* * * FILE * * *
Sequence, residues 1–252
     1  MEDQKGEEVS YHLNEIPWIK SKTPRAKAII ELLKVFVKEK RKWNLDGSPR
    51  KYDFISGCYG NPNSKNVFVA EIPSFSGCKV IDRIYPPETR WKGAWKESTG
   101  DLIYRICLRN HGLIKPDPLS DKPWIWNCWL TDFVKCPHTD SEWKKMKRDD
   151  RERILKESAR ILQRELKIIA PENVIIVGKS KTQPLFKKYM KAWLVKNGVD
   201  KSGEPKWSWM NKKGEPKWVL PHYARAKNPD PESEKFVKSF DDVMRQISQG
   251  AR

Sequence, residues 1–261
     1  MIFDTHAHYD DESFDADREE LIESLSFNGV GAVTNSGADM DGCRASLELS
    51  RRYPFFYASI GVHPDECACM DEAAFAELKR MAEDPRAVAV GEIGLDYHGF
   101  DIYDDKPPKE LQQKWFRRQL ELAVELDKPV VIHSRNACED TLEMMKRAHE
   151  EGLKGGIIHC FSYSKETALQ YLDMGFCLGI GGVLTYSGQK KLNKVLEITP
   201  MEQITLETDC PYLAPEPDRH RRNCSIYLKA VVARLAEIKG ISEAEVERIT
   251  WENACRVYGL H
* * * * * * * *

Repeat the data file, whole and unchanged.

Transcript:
Sequence, residues 1–252
     1  MEDQKGEEVS YHLNEIPWIK SKTPRAKAII ELLKVFVKEK RKWNLDGSPR
    51  KYDFISGCYG NPNSKNVFVA EIPSFSGCKV IDRIYPPETR WKGAWKESTG
   101  DLIYRICLRN HGLIKPDPLS DKPWIWNCWL TDFVKCPHTD SEWKKMKRDD
   151  RERILKESAR ILQRELKIIA PENVIIVGKS KTQPLFKKYM KAWLVKNGVD
   201  KSGEPKWSWM NKKGEPKWVL PHYARAKNPD PESEKFVKSF DDVMRQISQG
   251  AR

Sequence, residues 1–261
     1  MIFDTHAHYD DESFDADREE LIESLSFNGV GAVTNSGADM DGCRASLELS
    51  RRYPFFYASI GVHPDECACM DEAAFAELKR MAEDPRAVAV GEIGLDYHGF
   101  DIYDDKPPKE LQQKWFRRQL ELAVELDKPV VIHSRNACED TLEMMKRAHE
   151  EGLKGGIIHC FSYSKETALQ YLDMGFCLGI GGVLTYSGQK KLNKVLEITP
   201  MEQITLETDC PYLAPEPDRH RRNCSIYLKA VVARLAEIKG ISEAEVERIT
   251  WENACRVYGL H